As noted earlier, it’s easy enough to define a custom prompt dynamically, as a command-line option, or even globally within a configuration file. It could be useful if the custom prompts could be defined on a per-connection basis, and stored with other connection options in mysql_config_editor. Doing so would allow users to connect to a specific instance, and have a specific (non-default) prompt automatically associated.

Conclusion

Please let us know if you think the reasoning behind our decision to leave the prompt as-is is unsound in any way, or if you have particular affinity for any of the proposed alternatives. Thanks!

MySQL High Availability with Oracle Clusterware

MySQL has an extensive range of high-availability solutions to suit many different use cases and deployment needs.  This list spans from the time-tested – yet continuously-improved – MySQL replication to the just-released MySQL Fabric, giving users many certified solutions for highly available MySQL deployments.  The list is growing yet again, with Oracle Clusterware adding support for MySQL.

Oracle’s Clusterware product is the foundation for the Oracle RAC, and has been battle-tested for high availability support for Oracle database, as well as other Oracle applications.  This technology is now available as part of the MySQL Enterprise subscription, and – like all Oracle commercial products – is freely available for evaluation purposes.  This post will explain Oracle Clusterware architecture and the benefits to MySQL users, and will be followed by a later post focusing on how to deploy Clusterware agents with MySQL.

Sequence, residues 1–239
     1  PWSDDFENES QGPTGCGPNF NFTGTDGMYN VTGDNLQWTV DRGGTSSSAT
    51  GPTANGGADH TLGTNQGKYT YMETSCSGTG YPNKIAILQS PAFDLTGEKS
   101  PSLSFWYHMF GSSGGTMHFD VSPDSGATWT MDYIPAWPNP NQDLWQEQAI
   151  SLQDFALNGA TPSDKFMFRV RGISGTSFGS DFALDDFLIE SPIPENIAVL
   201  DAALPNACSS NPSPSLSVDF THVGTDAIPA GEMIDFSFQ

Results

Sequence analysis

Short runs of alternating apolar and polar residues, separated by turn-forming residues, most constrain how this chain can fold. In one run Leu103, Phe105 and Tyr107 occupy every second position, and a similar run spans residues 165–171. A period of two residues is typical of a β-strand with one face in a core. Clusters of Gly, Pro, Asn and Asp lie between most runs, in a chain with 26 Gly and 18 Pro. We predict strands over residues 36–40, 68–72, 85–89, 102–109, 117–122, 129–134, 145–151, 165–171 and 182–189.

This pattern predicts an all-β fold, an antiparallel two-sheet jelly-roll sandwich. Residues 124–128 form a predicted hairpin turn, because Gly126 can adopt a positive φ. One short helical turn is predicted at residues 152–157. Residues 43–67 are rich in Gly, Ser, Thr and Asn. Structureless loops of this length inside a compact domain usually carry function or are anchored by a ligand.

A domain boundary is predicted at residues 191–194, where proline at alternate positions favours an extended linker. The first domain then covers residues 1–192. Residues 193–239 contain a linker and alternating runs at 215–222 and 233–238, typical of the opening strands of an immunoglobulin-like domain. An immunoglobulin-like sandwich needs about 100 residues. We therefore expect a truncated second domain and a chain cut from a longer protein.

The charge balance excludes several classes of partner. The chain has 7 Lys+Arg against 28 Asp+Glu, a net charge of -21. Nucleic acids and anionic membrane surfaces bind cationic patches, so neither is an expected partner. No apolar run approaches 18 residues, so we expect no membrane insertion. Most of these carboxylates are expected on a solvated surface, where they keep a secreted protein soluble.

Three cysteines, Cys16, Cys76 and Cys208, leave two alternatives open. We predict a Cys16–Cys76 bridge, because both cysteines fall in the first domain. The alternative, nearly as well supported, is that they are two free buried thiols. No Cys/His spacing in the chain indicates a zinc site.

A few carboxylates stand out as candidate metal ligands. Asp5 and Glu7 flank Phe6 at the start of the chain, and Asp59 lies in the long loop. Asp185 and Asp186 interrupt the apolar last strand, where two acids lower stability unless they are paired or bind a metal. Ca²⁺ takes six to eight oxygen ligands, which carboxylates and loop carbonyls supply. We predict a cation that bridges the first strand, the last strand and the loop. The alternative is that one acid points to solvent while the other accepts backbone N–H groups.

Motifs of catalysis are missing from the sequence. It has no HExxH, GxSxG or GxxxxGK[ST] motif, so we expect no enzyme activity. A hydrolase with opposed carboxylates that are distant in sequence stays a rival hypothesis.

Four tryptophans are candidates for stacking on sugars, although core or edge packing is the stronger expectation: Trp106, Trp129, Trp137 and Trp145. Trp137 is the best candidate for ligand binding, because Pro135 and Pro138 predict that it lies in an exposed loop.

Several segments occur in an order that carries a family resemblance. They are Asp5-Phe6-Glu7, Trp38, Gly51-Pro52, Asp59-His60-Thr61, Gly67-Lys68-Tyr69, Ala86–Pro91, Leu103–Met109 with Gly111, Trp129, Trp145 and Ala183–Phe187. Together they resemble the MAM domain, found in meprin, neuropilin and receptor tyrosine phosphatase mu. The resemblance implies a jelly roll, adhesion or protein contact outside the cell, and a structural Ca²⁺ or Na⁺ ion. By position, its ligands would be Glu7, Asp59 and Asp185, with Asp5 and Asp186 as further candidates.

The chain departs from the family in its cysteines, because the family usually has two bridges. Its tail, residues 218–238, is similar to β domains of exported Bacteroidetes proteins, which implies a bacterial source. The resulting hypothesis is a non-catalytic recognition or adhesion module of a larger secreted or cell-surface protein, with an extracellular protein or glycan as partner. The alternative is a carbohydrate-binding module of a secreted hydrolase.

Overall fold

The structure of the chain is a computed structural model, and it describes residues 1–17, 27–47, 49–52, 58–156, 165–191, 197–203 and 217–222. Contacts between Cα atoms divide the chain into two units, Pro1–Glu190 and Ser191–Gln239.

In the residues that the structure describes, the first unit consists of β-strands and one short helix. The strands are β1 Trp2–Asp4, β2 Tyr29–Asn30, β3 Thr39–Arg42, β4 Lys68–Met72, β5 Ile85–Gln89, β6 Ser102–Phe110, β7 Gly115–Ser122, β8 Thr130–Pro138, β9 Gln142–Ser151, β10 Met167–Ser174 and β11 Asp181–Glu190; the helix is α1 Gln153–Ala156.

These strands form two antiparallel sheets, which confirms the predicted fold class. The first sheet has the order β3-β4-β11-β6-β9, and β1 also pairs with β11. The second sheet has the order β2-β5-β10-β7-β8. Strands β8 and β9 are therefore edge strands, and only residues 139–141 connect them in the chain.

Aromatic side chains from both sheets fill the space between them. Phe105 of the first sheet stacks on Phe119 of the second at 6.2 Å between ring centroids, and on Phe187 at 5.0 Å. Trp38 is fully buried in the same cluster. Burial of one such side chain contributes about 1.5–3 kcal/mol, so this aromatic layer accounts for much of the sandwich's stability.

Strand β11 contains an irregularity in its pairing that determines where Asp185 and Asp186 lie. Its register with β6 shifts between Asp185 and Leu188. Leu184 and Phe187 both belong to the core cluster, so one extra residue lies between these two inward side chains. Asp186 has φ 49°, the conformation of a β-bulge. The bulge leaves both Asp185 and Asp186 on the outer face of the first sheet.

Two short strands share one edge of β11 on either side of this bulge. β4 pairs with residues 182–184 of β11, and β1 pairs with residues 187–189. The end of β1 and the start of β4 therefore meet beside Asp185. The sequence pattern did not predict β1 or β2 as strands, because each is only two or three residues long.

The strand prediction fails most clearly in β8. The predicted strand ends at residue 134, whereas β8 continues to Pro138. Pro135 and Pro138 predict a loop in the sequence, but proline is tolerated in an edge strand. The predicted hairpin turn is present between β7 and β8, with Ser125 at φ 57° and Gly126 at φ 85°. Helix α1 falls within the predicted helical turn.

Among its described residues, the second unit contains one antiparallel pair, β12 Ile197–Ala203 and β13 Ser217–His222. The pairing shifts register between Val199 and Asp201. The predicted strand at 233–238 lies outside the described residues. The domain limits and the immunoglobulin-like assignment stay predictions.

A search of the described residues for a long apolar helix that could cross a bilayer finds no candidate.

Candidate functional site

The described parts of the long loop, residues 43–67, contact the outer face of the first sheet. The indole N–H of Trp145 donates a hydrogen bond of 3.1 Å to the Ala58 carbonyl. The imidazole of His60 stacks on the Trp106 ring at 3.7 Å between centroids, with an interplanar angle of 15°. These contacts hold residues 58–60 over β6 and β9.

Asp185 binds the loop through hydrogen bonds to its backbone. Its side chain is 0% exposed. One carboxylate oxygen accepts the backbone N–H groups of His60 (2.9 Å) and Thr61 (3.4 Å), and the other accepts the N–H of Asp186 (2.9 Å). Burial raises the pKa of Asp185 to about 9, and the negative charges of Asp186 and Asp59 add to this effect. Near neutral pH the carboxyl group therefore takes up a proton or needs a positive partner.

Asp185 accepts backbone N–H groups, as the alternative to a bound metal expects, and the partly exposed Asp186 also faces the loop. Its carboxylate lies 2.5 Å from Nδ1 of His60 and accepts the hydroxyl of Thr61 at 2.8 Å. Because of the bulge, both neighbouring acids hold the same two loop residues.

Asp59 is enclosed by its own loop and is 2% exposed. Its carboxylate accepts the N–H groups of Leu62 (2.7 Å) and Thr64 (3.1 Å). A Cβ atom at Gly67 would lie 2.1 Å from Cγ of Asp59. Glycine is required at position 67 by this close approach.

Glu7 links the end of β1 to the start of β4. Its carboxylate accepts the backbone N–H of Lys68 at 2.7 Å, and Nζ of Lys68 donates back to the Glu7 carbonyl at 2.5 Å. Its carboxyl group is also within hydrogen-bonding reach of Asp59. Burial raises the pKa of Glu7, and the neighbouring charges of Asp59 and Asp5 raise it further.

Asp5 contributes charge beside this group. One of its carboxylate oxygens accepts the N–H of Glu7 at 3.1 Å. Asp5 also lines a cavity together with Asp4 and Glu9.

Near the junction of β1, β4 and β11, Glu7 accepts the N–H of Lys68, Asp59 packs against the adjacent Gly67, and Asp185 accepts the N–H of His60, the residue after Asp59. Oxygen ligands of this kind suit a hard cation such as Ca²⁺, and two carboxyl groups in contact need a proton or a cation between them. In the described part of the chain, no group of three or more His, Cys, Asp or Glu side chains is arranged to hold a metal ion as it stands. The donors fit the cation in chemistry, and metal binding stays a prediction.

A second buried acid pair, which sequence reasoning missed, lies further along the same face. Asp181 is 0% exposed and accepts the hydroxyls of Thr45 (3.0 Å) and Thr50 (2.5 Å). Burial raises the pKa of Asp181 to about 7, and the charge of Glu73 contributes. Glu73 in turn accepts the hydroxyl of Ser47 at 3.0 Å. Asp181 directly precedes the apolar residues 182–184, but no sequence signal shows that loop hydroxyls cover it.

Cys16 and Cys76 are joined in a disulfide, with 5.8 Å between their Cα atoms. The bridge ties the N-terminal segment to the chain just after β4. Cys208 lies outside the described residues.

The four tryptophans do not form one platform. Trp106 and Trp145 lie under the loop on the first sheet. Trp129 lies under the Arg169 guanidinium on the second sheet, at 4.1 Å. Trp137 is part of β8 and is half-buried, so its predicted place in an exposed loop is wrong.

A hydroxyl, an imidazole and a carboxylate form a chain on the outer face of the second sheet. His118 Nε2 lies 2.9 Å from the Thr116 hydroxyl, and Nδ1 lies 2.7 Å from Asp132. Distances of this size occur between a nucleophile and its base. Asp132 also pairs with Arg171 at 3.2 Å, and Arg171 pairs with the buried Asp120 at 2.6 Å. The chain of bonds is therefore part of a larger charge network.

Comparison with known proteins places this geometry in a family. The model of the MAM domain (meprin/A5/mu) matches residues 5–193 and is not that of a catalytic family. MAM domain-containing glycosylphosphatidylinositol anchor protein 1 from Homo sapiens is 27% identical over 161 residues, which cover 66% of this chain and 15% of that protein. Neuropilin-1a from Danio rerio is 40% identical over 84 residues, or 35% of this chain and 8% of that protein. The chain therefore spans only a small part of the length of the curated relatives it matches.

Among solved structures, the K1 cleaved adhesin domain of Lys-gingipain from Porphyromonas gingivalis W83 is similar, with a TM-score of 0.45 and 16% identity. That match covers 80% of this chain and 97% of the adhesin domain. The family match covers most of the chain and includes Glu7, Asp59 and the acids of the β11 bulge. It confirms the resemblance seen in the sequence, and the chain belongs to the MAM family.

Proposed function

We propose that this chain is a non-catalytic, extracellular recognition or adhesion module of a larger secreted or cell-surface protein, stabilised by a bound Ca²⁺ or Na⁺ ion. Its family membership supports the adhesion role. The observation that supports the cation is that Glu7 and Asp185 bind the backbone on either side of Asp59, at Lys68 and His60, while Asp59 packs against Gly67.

A very flexible architecture gives Oracle Clusterware the ability to support various consistency mechanisms.  The initial release of the Clusterware agent for MySQL uses a shared resource approach, where essential resources – such as the data directory – are deployed on a shared disk.  A similar strategy is employed in other high-availability solutions (OVM High Availability Template for MySQL, Oracle Solaris Clustering, MySQL with Windows Cluster Failover).  The flexibility of Clusterware doesn’t dictate a specific shared resource implementation – anything from a simple NFS mount to a high-performance SAN may be used.  The recommended and tested solution leverages the Oracle ACFS filesystem.  As with other shared-disk high availability solutions for MySQL, an Oracle Clusterware-based solution requires only one MySQL instance be using a shared MySQL data directory at any one time.

While no high availability solution for MySQL is truly transparent, the Clusterware system provides useful infrastructure to minimize downtime.   The agent performs periodic health checks of the running MySQL Server using mysqladmin, and applications connect through a managed virtual IP address.  The use of a managed virtual IP address directs application traffic to a failover host without requiring configuration changes at the application layer. Failover time is bounded by the interval of agent health checks (every second by default) plus the time required to start the MySQL Server on the failover host (including any necessary crash recovery processing).

A big thanks goes out to the Oracle Clusterware team who did the heavy lifting in adding MySQL support!